Chapter 1

Mahabharata English - KARNA PARVA

Om! Having bowed down unto Narayana, and unto that most exalted of malebeings, Nara, and unto the goddess Sarasvati also, must the word Jaya beuttered.

Vaishampayana said, “After Drona had been slain, O monarch, the royalwarriors (of the Kaurava army) headed by Duryodhana, with hearts filledwith great anxiety, all repaired to Drona’s son. Lamenting the loss ofDrona, and deprived of energy in consequence of their cheerlessness, theysat around the son of Sharadvata’s daughter, afflicted with grief.Comforted for a little while by considerations founded upon thescriptures, when night came, those rulers of Earth proceeded to theirrespective tents. Those lords of Earth, however, O thou of Kuru’s race,could feel no happiness in their abodes. Thinking of that immenseslaughter, they could not also sleep. The Suta’s son (Karna), and kingSuyodhana and Duhshasana and Shakuni, in special, could not composethemselves to sleep. Those four passed that night together inDuryodhana’s tent, reflecting upon the woes they had inflicted upon thehigh-souled Pandavas. Formerly they had brought Draupadi, plunged intowoe on account of the match at dice, into the assembly. Recollecting itthey experienced great regret, their hearts being filled with anxiety.Thinking of those sufferings inflicted (upon the Pandavas) in consequenceof the gambling match they passed that night in sorrow, O king, as if itwere really a hundred years. Then when morning came, observing thedictates of the ordinance, all of them duly went through the customaryrites. Having gone through these customary rites, and comforted to someextent, O Bharata, they ordered their troops to be arrayed, and then cameout for battle, having made Karna their generalissimo by tying theauspicious thread round his wrists, and having caused many foremost ofbrahmanas, by presents of vessels of curds, clarified butter, akshatas,coins of gold, kine, jewels and gems, and costly robes, to pray for theirvictory, and having caused heralds and musicians, and panegyrists toadore them with hymns about victory. The Pandavas also, O king, havinggone through their morning rites, issued from their camp, resolved onbattle. Then commenced a fierce battle, making the hair to stand on end,between the Kurus and the Pandavas, each desirous of vanquishing theother. During the commandership of Karna, the battle that took placebetween the Kuru and the Pandava troops was exceedingly fierce and lastedfor two days. Then Vrisha (Karna) having made an immense slaughter of hisenemies in battle, was at last slain in the sight of the Dhartarashtras,by Arjuna. Then Sanjaya, repairing to Hastinapura told Dhritarashtra allthat had happened at Kurujangala.”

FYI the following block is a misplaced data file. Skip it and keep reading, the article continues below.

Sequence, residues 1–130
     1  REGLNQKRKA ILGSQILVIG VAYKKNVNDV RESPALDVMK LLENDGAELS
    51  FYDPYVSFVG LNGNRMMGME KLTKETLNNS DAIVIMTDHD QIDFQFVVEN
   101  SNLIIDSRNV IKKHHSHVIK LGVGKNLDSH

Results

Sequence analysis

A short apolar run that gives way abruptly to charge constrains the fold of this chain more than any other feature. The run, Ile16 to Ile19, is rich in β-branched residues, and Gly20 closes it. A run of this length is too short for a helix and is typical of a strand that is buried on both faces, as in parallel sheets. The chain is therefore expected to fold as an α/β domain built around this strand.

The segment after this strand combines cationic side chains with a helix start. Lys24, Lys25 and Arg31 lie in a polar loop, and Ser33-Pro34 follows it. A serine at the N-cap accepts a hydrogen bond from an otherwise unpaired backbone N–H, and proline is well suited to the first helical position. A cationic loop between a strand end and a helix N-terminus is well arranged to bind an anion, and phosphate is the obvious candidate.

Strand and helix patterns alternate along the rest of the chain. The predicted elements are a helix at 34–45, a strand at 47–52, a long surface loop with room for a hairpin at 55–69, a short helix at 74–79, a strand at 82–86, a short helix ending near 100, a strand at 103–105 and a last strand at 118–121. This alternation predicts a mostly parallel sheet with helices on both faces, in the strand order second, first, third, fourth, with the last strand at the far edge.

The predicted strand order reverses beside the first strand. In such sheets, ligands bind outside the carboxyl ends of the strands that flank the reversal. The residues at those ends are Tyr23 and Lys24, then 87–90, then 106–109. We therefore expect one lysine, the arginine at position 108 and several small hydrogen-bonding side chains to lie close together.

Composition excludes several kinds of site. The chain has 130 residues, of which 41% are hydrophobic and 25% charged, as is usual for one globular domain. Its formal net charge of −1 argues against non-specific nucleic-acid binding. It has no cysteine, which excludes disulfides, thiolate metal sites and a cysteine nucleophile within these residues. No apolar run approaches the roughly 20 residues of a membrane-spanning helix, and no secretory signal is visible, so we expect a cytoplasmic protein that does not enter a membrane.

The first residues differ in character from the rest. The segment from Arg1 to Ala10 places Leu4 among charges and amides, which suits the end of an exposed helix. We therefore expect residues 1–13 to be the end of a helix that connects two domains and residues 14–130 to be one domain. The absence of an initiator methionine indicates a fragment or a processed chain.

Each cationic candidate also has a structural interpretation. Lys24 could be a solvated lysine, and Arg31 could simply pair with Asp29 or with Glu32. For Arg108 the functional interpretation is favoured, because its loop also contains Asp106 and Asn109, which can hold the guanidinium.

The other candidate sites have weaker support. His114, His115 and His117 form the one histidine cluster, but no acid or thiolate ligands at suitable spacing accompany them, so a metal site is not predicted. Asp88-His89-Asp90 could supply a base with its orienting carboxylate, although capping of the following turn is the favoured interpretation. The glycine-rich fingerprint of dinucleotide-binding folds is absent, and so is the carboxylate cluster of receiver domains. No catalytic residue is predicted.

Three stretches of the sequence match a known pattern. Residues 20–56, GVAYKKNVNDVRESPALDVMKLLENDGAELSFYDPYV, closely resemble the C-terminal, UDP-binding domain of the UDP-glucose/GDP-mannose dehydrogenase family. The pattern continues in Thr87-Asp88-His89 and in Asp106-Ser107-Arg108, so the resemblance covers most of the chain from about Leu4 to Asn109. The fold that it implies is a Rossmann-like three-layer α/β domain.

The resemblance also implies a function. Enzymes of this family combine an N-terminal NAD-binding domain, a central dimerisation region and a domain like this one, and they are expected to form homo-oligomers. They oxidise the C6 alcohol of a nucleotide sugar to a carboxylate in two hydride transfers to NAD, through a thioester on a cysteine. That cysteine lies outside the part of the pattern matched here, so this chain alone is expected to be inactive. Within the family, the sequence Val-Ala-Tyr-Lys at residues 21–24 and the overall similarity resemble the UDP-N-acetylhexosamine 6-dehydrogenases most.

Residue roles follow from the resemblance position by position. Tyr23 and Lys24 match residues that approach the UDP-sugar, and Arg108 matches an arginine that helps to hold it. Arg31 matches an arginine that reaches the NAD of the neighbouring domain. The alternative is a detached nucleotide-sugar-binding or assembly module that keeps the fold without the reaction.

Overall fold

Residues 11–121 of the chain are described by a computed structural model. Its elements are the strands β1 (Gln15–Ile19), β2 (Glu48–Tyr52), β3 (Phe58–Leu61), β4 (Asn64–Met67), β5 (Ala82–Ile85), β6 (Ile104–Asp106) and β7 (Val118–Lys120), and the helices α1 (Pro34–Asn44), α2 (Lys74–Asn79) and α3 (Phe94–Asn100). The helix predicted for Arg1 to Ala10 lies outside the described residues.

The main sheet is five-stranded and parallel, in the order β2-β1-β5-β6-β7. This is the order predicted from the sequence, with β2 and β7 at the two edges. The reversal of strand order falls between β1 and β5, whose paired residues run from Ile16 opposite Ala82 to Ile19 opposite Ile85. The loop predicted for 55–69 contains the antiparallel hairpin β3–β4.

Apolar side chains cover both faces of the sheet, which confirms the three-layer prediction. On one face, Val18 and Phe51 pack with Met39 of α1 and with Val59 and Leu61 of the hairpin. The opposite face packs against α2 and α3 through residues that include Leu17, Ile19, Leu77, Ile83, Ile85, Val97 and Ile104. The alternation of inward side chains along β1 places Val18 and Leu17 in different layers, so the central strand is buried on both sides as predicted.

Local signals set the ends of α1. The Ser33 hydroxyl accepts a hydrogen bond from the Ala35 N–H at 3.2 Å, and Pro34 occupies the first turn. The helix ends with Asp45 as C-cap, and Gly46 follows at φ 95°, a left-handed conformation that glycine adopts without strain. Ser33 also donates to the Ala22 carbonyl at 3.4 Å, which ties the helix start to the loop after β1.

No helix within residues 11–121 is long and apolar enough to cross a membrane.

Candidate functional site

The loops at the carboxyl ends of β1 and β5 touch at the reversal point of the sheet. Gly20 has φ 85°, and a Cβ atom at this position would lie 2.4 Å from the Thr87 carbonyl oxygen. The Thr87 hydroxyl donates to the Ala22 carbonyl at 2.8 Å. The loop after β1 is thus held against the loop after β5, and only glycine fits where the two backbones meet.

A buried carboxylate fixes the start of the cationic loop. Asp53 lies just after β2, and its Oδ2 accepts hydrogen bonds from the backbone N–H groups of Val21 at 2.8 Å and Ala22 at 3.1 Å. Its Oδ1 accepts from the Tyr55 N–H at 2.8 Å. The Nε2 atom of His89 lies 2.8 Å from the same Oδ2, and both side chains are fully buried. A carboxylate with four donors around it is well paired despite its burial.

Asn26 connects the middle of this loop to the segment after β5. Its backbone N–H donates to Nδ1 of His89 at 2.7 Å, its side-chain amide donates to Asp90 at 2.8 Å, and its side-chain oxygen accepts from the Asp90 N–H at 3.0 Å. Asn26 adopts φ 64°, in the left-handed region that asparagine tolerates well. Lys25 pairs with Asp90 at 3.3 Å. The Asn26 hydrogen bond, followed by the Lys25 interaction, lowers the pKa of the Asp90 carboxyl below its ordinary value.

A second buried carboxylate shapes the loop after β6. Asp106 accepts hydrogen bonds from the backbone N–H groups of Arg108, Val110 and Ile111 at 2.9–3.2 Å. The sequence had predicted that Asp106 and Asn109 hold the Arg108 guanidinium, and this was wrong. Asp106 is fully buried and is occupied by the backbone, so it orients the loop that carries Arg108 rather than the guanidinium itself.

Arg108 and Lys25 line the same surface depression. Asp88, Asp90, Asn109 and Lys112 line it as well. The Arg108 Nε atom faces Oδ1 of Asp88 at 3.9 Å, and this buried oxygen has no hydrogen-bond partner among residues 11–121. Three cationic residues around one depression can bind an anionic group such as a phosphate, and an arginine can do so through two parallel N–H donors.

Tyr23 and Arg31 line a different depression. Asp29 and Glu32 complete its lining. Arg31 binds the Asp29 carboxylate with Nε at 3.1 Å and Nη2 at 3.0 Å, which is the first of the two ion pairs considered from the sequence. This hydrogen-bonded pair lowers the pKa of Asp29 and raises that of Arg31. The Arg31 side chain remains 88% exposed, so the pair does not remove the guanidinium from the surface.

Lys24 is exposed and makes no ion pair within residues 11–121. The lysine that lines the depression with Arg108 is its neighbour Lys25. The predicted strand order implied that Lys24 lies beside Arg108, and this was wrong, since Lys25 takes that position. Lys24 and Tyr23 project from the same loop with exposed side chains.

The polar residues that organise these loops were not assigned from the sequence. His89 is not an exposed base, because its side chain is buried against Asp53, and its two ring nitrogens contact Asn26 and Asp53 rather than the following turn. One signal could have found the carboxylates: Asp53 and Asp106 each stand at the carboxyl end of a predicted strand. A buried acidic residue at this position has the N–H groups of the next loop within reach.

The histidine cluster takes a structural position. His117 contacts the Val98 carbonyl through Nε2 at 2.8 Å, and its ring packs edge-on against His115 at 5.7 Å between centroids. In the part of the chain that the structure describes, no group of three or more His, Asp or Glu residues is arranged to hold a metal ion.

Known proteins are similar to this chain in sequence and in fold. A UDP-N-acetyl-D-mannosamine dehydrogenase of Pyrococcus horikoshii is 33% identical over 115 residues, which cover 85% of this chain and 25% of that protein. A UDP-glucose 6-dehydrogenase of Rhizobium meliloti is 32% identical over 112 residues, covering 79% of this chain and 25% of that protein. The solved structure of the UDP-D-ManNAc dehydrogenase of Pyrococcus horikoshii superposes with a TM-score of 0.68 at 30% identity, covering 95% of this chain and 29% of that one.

Janamejaya said, “Having heard of the fall of Bhishma and that othermighty car-warrior, Drona, the old king Dhritarashtra the son of Ambikahad been afflicted with great grief. How, O foremost of brahmanas, couldhe, plunged into grief, support his life having heard of the death ofKarna, that well-wisher of Duryodhana? How indeed, could that descendantof Kuru support his life when he, upon whom that monarch had rested thehope of his sons’ victory, had fallen? When the king did not lay down hislife even after hearing of Karna’s death, I think that it is verydifficult for men to yield up life even under circumstances of greatgrief! O brahmana, when the king did not yield up his life after hearingof the fall of the venerable son of Shantanu, of Bahlika and Drona andSomadatta and Bhurishrava, as also other friends and his sons andgrandsons, I think, O regenerate one, that the act of yielding up one’slife is exceedingly difficult! Tell me all these in detail and as theyactually happened! I am not satiated with hearing the high achievementsof my ancestors!”

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Chapter 2
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